Simply on ability, there are only a few pitchers in Major League Baseball who are “must see” draws. Driven by the Legend of Fernandomania, sports media love to think fans are attracted to aces. And they might right be as the follow chart shows.

2015 Aces

But we can’t say these pitchers are the only variable effect attendance without factoring out per day of the week, promotions, opponent, and other variables. And that might take a little more math than I am will to do at this point.

Of Archer’s 17 home starts, 9 were on weekdays (Mon-Thurs). Discounting Opening Day, Archer’s starts drew an average of 13,228 – 988 fans over the weekday average of 12,240. On his weekend starts, games Archer started averaged 19,615 fans – 1,287 fans more than the weekend average of 18,328.

Again, this doesn’t consider promotions – Archer pitched on a Wednesday camp day and prior to three post-game concerts.

Unfortunately, while there was an increase in average attendance when he took the mound in 2015, Chris Archer is tied with Matt Moore for the most games pitched since 2008 (3) in which attendance failed to reach 10,000.

That’s not good.

Marketing Archer on the mound would focus on baseball fans who pay attention to every pitch, every strategy, and Archer’s ability. This would require building storylines around Archer’s stats, such as when he set the team record for strikeouts in a season. Fans concerned with watching Archer would be interested in that narrative.

This type of marketing would have get people talking and focused on what Archer is achieving. This is difficult and not something that worked well with David Price, but did work with Scott Kazmir when he was the only Devil Rays pitcher worth seeing.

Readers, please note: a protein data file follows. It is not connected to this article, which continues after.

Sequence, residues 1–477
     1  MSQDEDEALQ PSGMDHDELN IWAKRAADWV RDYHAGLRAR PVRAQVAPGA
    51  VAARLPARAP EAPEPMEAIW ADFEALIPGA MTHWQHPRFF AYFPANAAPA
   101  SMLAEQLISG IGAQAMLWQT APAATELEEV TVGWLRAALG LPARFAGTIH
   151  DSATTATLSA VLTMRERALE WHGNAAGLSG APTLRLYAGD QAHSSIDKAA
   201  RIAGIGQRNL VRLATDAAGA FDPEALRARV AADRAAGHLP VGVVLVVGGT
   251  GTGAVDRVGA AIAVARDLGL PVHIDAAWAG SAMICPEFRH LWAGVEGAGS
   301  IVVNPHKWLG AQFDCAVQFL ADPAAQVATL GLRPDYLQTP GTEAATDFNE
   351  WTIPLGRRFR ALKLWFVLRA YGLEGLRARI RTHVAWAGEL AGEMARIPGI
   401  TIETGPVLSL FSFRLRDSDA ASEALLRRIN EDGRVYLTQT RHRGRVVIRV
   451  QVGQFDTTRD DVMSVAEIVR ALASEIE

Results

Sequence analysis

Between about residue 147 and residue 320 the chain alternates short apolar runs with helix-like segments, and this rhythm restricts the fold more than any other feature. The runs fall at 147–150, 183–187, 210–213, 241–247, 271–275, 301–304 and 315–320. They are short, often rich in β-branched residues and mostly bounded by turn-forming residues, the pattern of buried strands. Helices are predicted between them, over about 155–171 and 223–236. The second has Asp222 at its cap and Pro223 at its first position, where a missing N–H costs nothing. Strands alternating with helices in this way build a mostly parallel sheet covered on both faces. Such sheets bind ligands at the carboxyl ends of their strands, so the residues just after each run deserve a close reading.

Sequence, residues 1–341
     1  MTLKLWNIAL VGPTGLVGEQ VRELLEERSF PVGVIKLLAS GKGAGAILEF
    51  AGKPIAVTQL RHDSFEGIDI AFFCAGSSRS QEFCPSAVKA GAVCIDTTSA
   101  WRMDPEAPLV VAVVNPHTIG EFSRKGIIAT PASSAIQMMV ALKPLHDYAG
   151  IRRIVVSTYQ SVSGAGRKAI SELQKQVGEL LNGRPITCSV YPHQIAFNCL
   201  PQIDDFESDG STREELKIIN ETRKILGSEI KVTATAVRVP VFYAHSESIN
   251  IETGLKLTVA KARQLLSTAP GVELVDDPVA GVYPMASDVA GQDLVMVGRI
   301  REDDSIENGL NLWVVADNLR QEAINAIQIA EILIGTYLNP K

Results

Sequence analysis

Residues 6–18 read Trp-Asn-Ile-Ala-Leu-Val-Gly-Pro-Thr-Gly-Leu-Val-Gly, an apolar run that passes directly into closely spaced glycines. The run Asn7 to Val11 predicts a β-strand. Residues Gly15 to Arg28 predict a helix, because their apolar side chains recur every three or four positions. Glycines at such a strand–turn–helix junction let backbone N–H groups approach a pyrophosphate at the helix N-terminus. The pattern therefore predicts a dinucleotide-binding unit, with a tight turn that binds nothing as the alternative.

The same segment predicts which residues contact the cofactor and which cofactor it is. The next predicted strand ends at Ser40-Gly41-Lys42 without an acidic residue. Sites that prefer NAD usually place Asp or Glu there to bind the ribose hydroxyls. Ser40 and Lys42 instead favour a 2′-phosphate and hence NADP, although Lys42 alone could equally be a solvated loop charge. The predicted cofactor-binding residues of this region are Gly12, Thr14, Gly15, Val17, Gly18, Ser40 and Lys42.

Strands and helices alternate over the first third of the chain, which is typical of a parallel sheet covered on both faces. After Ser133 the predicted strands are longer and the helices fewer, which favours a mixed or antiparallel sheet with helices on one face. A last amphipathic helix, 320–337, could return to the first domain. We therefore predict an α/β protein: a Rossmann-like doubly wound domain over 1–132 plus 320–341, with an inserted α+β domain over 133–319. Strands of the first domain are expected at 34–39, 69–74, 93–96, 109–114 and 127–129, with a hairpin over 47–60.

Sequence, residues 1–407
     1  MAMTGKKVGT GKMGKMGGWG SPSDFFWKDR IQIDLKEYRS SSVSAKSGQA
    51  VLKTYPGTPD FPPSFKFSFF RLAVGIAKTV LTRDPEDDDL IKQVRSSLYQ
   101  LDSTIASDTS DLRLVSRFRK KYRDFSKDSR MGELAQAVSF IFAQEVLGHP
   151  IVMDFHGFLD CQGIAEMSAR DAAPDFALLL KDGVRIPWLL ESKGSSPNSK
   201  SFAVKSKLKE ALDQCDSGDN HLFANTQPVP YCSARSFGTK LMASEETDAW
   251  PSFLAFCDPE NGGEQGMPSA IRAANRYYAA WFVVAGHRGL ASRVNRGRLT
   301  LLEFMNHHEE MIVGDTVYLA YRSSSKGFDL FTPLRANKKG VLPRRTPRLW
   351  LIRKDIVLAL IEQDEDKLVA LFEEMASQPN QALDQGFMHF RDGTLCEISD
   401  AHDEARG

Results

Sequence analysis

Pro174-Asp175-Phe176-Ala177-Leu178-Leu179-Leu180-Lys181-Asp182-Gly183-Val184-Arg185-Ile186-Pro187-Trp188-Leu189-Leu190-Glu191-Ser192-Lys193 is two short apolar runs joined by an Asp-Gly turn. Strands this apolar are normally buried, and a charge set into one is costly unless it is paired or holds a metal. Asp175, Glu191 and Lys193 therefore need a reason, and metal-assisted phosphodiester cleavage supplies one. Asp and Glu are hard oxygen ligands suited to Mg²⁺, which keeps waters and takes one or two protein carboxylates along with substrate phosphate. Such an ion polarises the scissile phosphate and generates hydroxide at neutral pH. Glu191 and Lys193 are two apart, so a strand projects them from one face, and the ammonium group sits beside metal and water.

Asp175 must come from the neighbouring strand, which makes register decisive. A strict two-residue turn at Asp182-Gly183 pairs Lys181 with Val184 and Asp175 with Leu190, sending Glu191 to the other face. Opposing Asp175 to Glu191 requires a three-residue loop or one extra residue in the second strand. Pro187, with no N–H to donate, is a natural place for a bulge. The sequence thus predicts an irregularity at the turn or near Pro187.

Possible Difficulties

A few years ago, I wrote about the popularity of former Rays star Carl Crawford. I postulated that Crawford’s background and upbringing from the rough streets of Houston contributed to his lack of marketability. I stated that Longoria or Zobrist were easier to market due to their similarity to the prime baseball demographic.

Marketing Chris Archer would have a similar problem. While baseball celebrates their multi-ethnic array of players, their biggest demographic remains over 50 years old, white, and male. The same demographic who idolized Mickey Mantle, Johnny Bench, etc. The same demographic who think Chris Archer should “get a haircut” and “play the game the right way”.

While they might follow his stats, they won’t wear an afro wig, and Chris Archer won’t be their favorite player. Granted, they are not everyone in that demographic, but they exist. Chris Archer, social media, and afros don’t speak to them. They would need another marketing pitch to lure them in to rooting or buying tickets. Perhaps Longoria or Kevin Cash would be able to better connect.

Conclusion

Chris Archer is great, both on the mound and in the community. He is the kind of player teams and marketing departments should celebrate. And while the Rays are celebrating, 2016 could bring more opportunities and avenues to promote their new ace.

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2 comments for “Marketing Chris Archer

  1. Nancy James
    June 22, 2016 at 8:02 pm

    I really like Chris Archer; he pitched much better when his hair was not so long he fools with his hair and hat to much while he is pitching the ball his hands are always on his hat and doesn’t care how he throws the ball I wish he would make the game about his pitching and not about his hair

    • Michael Lortz
      June 23, 2016 at 1:52 am

      Thanks for the comment! Interesting observation!